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Back Taiwan Alliance with Cabinet-Level Delegation, Senators Urge Trump

Donald Trump xi jinping g20 summit buenos aires

WASHINGTON -- As President Trump and Chinese leader Xi Jinping prepare to possibly meet later this month to hammer out a trade deal, a bipartisan group of senators has urged him to publicly show support for the U.S.-Taiwan alliance by sending a Cabinet-level official to Taipei for the 40th anniversary of the Taiwan Relations Act next month.

The act provides Taiwan with defensive weapons -- arms sales that have sparked protests from China -- and a commitment "to maintain the capacity of the United States to resist any resort to force or other forms of coercion that would jeopardize the security, or the social or economic system, of the people on Taiwan."

Trump has expressed eagerness for better relations with China and praised authoritarian leader Xi as "great," and lauded Xi's moves to become "president for life." Earlier this year, Trump vowed to craft “the biggest deal ever made” on trade with Xi.

The new letter to Trump states that he should fully implement the Taiwan Travel Act and the Asia Reassurance Initiative Act, signed into law last year and enshrining "the critical need for high-level visits between Washington, D.C., and Taipei," and send a Cabinet-level official to Taiwan as "the presence of a senior delegation would send a strong signal of America’s unwavering commitment to and support for one of our strongest partners in the region."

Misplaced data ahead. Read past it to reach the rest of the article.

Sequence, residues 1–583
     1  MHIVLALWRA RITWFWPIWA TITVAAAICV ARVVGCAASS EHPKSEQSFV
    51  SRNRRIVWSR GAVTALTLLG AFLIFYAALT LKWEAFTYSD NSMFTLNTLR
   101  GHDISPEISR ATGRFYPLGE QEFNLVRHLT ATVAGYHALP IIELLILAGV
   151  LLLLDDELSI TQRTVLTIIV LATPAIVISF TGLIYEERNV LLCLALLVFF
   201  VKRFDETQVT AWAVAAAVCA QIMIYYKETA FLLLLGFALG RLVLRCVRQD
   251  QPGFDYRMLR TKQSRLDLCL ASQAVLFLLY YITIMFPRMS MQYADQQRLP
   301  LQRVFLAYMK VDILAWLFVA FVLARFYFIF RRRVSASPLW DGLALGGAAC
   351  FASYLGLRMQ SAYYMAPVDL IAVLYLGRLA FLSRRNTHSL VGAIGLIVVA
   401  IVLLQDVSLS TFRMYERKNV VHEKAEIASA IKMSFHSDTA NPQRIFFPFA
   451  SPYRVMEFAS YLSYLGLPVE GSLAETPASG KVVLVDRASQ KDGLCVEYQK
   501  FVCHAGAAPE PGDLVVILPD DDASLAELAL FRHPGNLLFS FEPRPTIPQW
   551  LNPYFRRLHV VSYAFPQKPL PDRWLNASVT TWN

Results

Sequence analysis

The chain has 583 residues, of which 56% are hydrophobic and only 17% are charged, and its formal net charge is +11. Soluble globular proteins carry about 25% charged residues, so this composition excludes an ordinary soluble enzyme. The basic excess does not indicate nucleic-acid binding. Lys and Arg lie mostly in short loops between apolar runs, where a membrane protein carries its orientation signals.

The letter was led by Sens. Marco Rubio (R-Fla.) and Bob Menendez (D-N.J.), and signed by Sens. Cory Gardner (R-Colo.), Chris Coons (D-Del.), Jim Inhofe (R-Okla.), Tammy Duckworth (D-Ill.), John Cornyn (R-Texas), Ron Wyden (D-Ore.), Johnny Isakson (R-Ga.), Ben Cardin (D-Md.), Tom Cotton (R-Ark.), Edward Markey (D-Mass.), Marsha Blackburn (R-Tenn.), Rick Scott (R-Fla.), and Mike Rounds (R-S.D.).

"Taiwan is a key economic and security partner, as well as a critical ally of the United States.  In your November 2017 speech to the Asia-Pacific Economic Cooperation (APEC) CEO summit, you spoke of your vision for 'a peaceful, prosperous, and free Indo-Pacific,'" they wrote. "As a vibrant democracy and free-market economy that respects the rule of law, Taiwan is an important part of achieving this vision and a shining example of everything we want for the region."

Such a trip is "is important to ensure we are acting in accordance with our commitments under the Taiwan Relations Act, especially given Chinese efforts to change the cross-Strait status quo," the senators added.

Gardner, Rubio, Cotton and Cornyn, along with Sen. Ted Cruz (R-Texas), sent a letter to House Speaker Nancy Pelosi (D-Calif.) last month urging her to invite the president of Taiwan to address a joint session of Congress, another move that would surely infuriate China.

Lee Ching-yu, whose Taiwan activist husband Lee Ming-che is imprisoned by China, was the State of the Union guest of Rep. Chris Smith (R-N.J.), who leads the Congressional-Executive Commission on China. Rubio is the Senate leader of the panel.

"Extending an invitation for President Tsai to address a joint session of Congress in this historic year for U.S.-Taiwan relations would send a powerful message that the United States and the American people will always stand with the oppressed, and never the oppressor," the GOP senators wrote.